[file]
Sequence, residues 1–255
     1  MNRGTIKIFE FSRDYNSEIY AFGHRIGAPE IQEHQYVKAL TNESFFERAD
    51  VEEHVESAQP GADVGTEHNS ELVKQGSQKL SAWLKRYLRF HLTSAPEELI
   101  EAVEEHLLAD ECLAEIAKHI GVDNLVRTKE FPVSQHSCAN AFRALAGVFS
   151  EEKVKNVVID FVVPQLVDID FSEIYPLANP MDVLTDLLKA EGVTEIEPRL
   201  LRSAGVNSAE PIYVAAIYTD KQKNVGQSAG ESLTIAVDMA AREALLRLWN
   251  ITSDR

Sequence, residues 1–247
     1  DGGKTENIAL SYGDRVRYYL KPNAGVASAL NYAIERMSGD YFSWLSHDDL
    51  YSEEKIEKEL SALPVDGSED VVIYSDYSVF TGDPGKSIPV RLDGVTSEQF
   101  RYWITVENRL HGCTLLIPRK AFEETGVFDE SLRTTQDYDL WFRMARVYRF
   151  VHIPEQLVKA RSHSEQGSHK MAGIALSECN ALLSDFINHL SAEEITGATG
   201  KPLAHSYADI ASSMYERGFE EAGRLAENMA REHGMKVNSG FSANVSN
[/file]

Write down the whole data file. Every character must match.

Sequence, residues 1–255
     1  MNRGTIKIFE FSRDYNSEIY AFGHRIGAPE IQEHQYVKAL TNESFFERAD
    51  VEEHVESAQP GADVGTEHNS ELVKQGSQKL SAWLKRYLRF HLTSAPEELI
   101  EAVEEHLLAD ECLAEIAKHI GVDNLVRTKE FPVSQHSCAN AFRALAGVFS
   151  EEKVKNVVID FVVPQLVDID FSEIYPLANP MDVLTDLLKA EGVTEIEPRL
   201  LRSAGVNSAE PIYVAAIYTD KQKNVGQSAG ESLTIAVDMA AREALLRLWN
   251  ITSDR

Sequence, residues 1–247
     1  DGGKTENIAL SYGDRVRYYL KPNAGVASAL NYAIERMSGD YFSWLSHDDL
    51  YSEEKIEKEL SALPVDGSED VVIYSDYSVF TGDPGKSIPV RLDGVTSEQF
   101  RYWITVENRL HGCTLLIPRK AFEETGVFDE SLRTTQDYDL WFRMARVYRF
   151  VHIPEQLVKA RSHSEQGSHK MAGIALSECN ALLSDFINHL SAEEITGATG
   201  KPLAHSYADI ASSMYERGFE EAGRLAENMA REHGMKVNSG FSANVSN